The Padres didn’t add any starting pitchers at the trade deadline, but as it turns out, they might have gotten a new ace anyways.
It just took him a while to show up.
Over his first 19 starts in a Padres uniform, Blake Snell was mostly not very good. An earned run average over 5.00, he didn’t make it out of the 5th inning in more than half his starts. Things looked a lot better last week in Oakland. Then on Sunday against the Diamondbacks, the real Blake Snell finally showed up thanks to a revamped approach to his pitches.
“I’ve switched some things up to make them more consistent and be more on top of them to make them play a lot better,” says Snell. “That’s been helping. I’m just starting to feel stronger again and feel more like myself.”
Snell usually relies on a 4-pitch mix, but in 2021 his changeup has been extremely hittable. So, against Arizona he scrapped it (and the curve ball), throwing almost exclusively fastballs and sliders in arguably his best outing since winning the 2018 Cy Young Award. He went 7.0 shutout innings with 13 strikeouts.
Snell was also working a lot faster than he usually does. Sunday’s game took just 2:43. It was the third time (in 21 starts) that a game Snell started lasted less than three hours, and one of the other two was a 7-inning affair. There are a couple of reasons for the increased pace. One is Snell says he likes it when he has a quicker pace on the mound. The other is Manny Machado’s trash talk.
“Manny was saying that I work slow so I can’t listen to that no more,” says Snell. “We need quick games, quick wins. I don’t need Manny telling me I’m slow. But, when I’m in my zone usually I do pitch pretty quickly.”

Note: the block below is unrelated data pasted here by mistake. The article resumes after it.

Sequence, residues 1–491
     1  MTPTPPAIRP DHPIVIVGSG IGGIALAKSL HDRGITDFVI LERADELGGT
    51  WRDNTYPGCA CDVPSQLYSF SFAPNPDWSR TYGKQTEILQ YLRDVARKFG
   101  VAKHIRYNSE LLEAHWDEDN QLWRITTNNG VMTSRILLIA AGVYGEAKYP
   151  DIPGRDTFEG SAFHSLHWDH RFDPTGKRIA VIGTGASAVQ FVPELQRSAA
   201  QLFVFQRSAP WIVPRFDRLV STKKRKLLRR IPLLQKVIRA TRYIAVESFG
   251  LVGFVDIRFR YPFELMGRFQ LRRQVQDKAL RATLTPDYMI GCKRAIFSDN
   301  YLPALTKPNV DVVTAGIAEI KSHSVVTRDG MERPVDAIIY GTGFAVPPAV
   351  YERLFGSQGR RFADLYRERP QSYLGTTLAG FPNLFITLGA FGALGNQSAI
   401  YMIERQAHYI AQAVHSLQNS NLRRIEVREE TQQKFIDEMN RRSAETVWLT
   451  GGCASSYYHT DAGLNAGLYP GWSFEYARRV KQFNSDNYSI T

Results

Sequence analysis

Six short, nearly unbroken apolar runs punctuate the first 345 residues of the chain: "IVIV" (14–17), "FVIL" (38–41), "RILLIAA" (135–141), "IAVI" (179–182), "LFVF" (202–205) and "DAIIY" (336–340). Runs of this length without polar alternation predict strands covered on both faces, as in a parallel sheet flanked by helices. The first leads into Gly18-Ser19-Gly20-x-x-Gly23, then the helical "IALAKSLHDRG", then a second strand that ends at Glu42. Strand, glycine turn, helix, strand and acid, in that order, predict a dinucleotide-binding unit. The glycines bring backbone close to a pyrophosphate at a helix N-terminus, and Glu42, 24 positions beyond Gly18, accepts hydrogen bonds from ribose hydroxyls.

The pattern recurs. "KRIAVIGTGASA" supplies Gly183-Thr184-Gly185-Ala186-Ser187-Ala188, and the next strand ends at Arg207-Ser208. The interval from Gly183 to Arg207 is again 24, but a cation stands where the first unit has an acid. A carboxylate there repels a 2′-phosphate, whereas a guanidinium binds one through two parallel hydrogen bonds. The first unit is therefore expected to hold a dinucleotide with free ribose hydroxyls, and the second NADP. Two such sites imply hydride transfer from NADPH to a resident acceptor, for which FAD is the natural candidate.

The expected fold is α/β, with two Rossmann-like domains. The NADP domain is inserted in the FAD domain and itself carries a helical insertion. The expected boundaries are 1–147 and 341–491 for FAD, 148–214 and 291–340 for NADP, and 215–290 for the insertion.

It also helped to let his defense do some work. In the first inning Tommy Pham made a Peter Parker-esque leaping catch against the wall down the left field foul line to retire Ketel Marte. One inning later, shortstop Jake Cronenworth did an admirable Fernando Tatis Jr. impersonation, going deep into the hole and grabbing a ball that was behind him, getting up and making a one-hop throw to 1st for the out. Those kinds of efforts give a pitcher a heck of a mental edge.
“I think plays like that allow the pitchers to almost settle in and get going,” says manager Jayce Tingler. “Blake was good from pitch one but I just love the way everybody contributed.”
Snell had a great seat for the defensive mastery and was quick to share his appreciation.
“I mean I felt good but being able to have plays like that and guys that can do that … that was pretty cool.”
Yet another factor in Snell’s resurgence is the guy calling the signs. Austin Nola has missed most of the season with injuries. Since returning he’s caught Snell four times. Blake’s ERA has dropped almost half a run over those four starts.
“It’s been nice having Nola behind the plate. We’re starting to really figure each other out really well so it’s been a lot of fun having him back there and work with him knowing I’m gonna have him every start so that’s been fun.”
Snell says his confidence is high and when he’s got everything squared away upstairs he’s a very dangerous man with a baseball in his hands.
“Now it’s continuing to do this, continuing to attack, be aggressive, and have that anger behind every pitch.”
Inserting this version of Blake Snell, the one the Padres thought they were getting when they traded for him last December, is better than any trade they could have made at the end of July.
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